Meena Kumar’s performance opposite Pradeep Kumar, used to create a different dimension, as her pardanashin image had matched with royal style of acting of Pradeep Kumar. After the success of Aarti, 1962; Meena Kumari, acted in the blockbusters Bheegi Raat, 1965, and Bahu Begum, 1967, opposite Pradeep Kumar and Ashok Kumar. In Bheegi Raat, she loved Pradeep Kumar, yet due to an accident which made her legs paralysed she could not attend the engagement and worked in the house of Ashok Kumar as governess. When society boycotted Ashok Kumar, she agreed to marry her, but presence of Pradeep Kumar at the end of the film in the song “dil jo na keh saka” compelled Ashok Kumar to sacrifice his affair and go back to London. It was a film where, Rafi, Lata, Roshan and the actors all had provided their best performance possible. Meena Kumar’s other film with Pradeep Kumar titled Chitralekha was also successful.
Meena Kumari had become immortal with her classic performance in the film Pakeeza, 1971, opposite Raj Kumar, which took around 10 years to be completed. It was created on a subject related to women brought up in kotha and exhibited the class of women who could not give the recognition to their next generation as their father’s are not known. The music composed by Ghulam Mohammad, Lata and Rafi’s songs, Kamal Humrohi’s direction (the husband of Meena Kumari) all complemented each other, and the film became historical piece of document.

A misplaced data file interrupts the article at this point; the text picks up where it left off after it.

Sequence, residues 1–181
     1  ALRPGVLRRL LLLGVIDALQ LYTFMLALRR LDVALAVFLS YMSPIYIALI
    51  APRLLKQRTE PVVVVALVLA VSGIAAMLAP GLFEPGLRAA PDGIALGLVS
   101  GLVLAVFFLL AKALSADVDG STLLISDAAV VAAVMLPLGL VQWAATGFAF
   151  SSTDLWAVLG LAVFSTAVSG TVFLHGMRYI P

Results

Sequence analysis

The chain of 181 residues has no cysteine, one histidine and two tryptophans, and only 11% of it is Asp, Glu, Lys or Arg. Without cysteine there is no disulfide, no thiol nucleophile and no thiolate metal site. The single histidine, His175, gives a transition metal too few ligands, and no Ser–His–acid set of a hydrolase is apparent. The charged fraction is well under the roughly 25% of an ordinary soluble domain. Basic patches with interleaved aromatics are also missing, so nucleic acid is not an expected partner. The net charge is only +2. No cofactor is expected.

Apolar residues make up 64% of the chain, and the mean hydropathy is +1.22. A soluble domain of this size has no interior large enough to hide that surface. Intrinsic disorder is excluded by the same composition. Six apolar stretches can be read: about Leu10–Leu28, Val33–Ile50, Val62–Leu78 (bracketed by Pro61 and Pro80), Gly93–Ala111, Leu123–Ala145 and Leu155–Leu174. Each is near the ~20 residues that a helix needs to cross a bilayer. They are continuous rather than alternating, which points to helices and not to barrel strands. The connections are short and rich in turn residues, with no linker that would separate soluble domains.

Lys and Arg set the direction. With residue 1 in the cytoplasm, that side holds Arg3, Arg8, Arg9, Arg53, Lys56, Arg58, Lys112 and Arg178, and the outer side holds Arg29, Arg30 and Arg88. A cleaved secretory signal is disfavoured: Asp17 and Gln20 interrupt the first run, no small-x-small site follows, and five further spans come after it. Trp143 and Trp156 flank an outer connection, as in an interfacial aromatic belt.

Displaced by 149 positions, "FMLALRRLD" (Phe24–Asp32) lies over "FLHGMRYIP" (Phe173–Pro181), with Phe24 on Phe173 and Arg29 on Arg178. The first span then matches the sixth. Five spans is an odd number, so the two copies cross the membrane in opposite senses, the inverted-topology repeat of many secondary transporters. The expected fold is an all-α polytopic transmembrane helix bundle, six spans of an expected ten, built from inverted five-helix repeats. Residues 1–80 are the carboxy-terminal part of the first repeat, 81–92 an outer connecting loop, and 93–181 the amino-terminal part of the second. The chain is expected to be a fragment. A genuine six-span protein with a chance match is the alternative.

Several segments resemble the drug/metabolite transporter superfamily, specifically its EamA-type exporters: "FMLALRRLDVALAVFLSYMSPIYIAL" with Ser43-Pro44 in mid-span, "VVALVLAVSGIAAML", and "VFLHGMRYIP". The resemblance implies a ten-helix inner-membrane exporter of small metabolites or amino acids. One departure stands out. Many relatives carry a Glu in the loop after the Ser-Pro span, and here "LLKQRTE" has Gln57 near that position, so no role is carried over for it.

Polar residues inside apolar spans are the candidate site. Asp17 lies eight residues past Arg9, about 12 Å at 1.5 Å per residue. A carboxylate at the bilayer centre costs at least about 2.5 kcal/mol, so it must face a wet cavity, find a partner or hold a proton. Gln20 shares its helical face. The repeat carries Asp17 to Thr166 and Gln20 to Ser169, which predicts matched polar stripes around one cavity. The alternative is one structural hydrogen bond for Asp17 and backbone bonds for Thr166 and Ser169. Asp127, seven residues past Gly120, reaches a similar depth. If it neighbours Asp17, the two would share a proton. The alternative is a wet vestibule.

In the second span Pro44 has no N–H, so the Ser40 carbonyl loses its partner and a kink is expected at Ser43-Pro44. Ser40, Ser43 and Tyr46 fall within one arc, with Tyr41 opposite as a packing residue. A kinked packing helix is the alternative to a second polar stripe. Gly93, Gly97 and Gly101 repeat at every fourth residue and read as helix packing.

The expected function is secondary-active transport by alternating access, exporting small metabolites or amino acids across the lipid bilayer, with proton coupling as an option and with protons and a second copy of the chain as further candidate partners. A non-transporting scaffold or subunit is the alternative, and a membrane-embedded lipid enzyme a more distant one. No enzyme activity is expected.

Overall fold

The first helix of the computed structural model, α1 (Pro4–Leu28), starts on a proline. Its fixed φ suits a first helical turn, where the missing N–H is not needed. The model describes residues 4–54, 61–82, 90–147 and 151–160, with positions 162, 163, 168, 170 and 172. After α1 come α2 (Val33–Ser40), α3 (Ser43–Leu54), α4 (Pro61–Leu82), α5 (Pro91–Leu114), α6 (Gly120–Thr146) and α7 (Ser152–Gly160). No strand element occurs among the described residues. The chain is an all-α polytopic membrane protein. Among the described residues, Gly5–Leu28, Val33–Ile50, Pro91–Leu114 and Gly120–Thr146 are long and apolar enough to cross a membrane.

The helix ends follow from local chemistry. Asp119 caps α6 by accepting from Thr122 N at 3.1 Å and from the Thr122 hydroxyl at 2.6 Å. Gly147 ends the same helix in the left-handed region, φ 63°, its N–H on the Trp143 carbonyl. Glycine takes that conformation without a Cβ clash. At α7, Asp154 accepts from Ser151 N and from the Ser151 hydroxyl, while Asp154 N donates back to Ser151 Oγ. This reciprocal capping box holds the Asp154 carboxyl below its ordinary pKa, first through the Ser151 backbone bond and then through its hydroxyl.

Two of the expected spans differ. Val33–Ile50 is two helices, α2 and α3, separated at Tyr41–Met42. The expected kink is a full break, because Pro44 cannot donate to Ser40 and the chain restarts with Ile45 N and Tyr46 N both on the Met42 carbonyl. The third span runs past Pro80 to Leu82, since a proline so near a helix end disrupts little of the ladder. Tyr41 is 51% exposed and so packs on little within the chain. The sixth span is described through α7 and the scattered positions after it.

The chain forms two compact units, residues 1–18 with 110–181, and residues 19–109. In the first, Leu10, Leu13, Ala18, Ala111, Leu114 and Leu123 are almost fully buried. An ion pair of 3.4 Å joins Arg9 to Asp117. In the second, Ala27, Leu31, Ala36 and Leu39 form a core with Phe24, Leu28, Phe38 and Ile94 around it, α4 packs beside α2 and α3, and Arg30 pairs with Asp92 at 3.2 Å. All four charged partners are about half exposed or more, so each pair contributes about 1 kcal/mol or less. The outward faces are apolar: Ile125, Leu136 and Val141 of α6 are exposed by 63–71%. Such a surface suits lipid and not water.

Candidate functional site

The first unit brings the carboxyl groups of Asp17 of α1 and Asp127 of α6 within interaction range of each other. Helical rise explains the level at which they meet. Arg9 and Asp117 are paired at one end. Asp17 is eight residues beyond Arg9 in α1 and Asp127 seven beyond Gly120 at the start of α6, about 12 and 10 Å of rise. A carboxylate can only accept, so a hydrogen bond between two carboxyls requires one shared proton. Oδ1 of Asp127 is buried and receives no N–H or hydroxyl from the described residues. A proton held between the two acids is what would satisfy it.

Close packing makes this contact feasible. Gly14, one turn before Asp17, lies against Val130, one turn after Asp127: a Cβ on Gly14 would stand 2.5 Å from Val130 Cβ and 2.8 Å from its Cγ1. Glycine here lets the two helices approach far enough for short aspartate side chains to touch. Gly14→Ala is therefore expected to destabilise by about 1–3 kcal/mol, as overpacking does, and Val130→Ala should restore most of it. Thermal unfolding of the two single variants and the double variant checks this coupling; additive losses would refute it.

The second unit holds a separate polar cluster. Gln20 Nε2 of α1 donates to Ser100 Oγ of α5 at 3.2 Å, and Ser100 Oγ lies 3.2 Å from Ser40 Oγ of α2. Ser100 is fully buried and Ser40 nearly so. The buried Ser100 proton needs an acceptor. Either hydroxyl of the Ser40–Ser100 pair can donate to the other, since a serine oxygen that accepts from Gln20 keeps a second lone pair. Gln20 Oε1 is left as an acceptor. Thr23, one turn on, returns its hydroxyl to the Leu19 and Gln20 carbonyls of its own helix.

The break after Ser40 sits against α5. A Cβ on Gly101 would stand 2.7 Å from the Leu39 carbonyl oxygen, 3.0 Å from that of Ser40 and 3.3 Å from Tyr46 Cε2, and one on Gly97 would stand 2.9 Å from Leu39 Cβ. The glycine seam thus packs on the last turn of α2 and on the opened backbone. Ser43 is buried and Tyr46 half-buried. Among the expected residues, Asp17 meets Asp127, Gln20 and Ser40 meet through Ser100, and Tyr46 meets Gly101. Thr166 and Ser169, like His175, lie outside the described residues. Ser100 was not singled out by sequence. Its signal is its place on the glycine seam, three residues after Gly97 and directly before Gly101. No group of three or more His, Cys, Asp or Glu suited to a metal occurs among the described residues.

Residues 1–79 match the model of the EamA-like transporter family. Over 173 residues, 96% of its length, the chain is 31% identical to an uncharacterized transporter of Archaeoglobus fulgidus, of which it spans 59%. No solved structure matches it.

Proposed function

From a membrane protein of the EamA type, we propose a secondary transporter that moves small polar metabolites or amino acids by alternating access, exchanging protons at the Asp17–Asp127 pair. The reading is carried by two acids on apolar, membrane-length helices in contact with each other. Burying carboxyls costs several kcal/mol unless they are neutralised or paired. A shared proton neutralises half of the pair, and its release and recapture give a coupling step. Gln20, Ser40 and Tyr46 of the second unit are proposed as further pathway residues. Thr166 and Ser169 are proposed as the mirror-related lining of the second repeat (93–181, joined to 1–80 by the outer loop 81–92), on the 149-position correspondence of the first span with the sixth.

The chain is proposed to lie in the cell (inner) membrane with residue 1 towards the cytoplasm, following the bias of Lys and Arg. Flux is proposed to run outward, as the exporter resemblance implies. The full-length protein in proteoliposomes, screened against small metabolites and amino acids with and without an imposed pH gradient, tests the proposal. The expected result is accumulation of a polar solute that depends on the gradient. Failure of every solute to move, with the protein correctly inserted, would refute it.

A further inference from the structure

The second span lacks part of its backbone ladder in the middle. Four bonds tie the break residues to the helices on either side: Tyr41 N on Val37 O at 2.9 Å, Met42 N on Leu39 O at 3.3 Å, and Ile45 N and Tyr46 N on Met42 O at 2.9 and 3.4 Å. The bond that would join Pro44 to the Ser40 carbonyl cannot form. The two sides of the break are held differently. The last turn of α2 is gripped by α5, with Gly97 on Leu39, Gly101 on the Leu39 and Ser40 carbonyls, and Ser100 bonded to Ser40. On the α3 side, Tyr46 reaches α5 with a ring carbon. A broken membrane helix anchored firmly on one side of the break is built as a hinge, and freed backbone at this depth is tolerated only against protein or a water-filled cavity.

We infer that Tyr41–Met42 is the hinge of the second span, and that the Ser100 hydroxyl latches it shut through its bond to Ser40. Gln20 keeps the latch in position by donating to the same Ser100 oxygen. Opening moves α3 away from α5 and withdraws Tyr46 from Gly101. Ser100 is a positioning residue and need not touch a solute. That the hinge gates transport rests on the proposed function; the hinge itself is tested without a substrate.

The greatest hallmark of Meena Kumari lied in her ability to depict the helplessness of Indian women existing specially in the 50s and 60s, when the patriarchal society dominated them and they had no independent income to live separately against the pressure of society. In her performances, beauty, aristrocracy, tragedy, personality all blended into one. Whenever we think about cine-classics like Dil Apna aur Preet Parayi, 1960, or Ghazal, 1965, Meena Kumari’s image automatically comes in our mind. She died in 1972, only at an age of 41. Meena Kumari’s films should be restored in an archive for future generations to learn the art of understanding the characters from the core of the heart the way Meena Kumari had done during the golden age of Indian cinema.